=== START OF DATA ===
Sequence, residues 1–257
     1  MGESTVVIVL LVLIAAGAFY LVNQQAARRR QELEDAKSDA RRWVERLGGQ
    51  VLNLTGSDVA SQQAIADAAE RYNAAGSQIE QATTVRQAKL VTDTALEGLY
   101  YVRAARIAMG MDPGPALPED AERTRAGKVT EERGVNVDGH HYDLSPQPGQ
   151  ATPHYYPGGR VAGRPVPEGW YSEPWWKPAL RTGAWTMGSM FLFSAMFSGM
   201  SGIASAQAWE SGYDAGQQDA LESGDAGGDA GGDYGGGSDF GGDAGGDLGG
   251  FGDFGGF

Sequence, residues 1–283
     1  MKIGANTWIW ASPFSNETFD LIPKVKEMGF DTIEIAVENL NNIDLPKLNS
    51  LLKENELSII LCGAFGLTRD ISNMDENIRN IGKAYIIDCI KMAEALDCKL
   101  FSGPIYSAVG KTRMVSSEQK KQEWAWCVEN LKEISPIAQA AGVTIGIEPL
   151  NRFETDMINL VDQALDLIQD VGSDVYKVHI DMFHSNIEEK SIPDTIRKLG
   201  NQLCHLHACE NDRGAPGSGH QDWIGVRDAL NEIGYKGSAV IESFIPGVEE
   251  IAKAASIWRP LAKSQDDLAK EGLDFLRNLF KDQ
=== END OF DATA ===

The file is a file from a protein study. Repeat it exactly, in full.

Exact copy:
Sequence, residues 1–257
     1  MGESTVVIVL LVLIAAGAFY LVNQQAARRR QELEDAKSDA RRWVERLGGQ
    51  VLNLTGSDVA SQQAIADAAE RYNAAGSQIE QATTVRQAKL VTDTALEGLY
   101  YVRAARIAMG MDPGPALPED AERTRAGKVT EERGVNVDGH HYDLSPQPGQ
   151  ATPHYYPGGR VAGRPVPEGW YSEPWWKPAL RTGAWTMGSM FLFSAMFSGM
   201  SGIASAQAWE SGYDAGQQDA LESGDAGGDA GGDYGGGSDF GGDAGGDLGG
   251  FGDFGGF

Sequence, residues 1–283
     1  MKIGANTWIW ASPFSNETFD LIPKVKEMGF DTIEIAVENL NNIDLPKLNS
    51  LLKENELSII LCGAFGLTRD ISNMDENIRN IGKAYIIDCI KMAEALDCKL
   101  FSGPIYSAVG KTRMVSSEQK KQEWAWCVEN LKEISPIAQA AGVTIGIEPL
   151  NRFETDMINL VDQALDLIQD VGSDVYKVHI DMFHSNIEEK SIPDTIRKLG
   201  NQLCHLHACE NDRGAPGSGH QDWIGVRDAL NEIGYKGSAV IESFIPGVEE
   251  IAKAASIWRP LAKSQDDLAK EGLDFLRNLF KDQ